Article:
Jomo Audio Flamenco

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  1. flinkenick
    "Jomo Audio Flamenco"
    Pros - Technical performance: transparency, resolution, imaging; balanced signature
    Cons - Soundstage is on the intimate side
    I would like to thank Joseph from Jomo Audio for providing the Flamenco in return for my honest opinion. Pics were provided by Jomo.


    The customised earphone industry is increasingly expanding - a few years back there were only a handful of TOTL ciems to choose from that grazed passed the $1K mark. The market has changed in many ways. Not only is the competition growing fiercer with the rise of new boutique manufacturers, even the options in the summit fi level passing $2K are numerous. Multi-BA iems as Layla and Zeus were initially pioneers in this segment, but in Singapore alone AAW currently offers the W900, Dita recently unveiled the Dream, and Jomo now follows with its new flagship, the Flamenco.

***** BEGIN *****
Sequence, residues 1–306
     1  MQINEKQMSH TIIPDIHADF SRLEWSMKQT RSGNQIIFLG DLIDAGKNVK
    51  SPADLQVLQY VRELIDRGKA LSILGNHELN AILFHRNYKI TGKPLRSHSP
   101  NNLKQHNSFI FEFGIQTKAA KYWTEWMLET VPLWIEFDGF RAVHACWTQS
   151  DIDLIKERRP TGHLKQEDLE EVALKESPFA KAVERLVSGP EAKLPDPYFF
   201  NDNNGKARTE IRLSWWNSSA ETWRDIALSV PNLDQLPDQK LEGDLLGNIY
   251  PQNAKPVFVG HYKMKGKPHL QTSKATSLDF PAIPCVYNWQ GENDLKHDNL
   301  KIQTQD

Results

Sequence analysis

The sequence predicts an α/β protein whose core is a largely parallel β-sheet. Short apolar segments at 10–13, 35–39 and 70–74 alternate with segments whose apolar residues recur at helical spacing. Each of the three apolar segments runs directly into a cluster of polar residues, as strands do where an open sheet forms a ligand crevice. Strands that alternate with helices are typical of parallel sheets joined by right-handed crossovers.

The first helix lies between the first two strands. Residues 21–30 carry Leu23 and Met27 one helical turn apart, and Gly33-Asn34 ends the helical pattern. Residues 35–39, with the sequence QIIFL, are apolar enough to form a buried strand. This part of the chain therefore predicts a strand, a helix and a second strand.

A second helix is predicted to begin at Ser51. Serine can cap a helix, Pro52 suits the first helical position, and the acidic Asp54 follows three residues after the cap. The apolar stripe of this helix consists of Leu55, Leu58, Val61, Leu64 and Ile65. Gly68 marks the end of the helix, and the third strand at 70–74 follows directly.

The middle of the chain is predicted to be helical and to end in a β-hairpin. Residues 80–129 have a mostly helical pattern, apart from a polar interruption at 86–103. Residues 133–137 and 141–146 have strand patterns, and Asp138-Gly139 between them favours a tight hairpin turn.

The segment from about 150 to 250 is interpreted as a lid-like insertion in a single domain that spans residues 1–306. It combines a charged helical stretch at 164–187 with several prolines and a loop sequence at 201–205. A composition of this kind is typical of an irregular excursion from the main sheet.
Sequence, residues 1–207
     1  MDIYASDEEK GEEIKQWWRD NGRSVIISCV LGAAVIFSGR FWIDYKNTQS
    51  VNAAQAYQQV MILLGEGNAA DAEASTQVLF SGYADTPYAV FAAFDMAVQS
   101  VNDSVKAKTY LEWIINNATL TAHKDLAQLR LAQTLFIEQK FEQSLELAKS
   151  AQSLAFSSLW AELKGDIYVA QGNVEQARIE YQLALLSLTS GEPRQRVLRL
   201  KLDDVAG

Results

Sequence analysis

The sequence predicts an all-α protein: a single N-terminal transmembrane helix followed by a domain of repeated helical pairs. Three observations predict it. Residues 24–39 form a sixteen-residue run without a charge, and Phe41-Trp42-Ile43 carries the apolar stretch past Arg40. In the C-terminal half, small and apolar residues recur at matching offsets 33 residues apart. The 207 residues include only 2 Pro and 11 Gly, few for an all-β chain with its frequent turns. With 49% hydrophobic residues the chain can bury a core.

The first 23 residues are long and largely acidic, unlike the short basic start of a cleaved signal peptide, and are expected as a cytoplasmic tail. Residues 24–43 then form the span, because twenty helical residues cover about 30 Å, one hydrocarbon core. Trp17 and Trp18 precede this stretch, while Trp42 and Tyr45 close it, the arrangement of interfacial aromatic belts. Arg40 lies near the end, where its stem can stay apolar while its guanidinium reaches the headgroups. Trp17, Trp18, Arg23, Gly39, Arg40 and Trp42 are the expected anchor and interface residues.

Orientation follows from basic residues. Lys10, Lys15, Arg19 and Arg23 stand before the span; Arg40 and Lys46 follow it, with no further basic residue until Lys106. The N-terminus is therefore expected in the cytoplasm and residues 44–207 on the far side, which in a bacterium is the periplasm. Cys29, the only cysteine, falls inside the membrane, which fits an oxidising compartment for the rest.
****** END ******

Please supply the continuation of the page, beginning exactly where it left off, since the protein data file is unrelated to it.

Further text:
Jomo has been steadily working on its ascension, starting with models as the Jomo 6R, which was swiftly followed by Samba and Flamenco. Safe to say, a line has begun to emerge throughout the lineup: Jomo is differentiating themselves with their pursuit for precision. The Jomo Samba defined itself by its highly technical sound – I can only think of a few iems that come close to it when it comes to aspects as transparency, resolution and imaging. So if Samba is already topping the charts in those aspects, can Flamenco improve upon them even further? Well, no, not really at least. But it can offer a more balanced signature, as well as the option of tweaking the sound with its two built-in switches for bass or treble.

    Jomo Audio Flamenco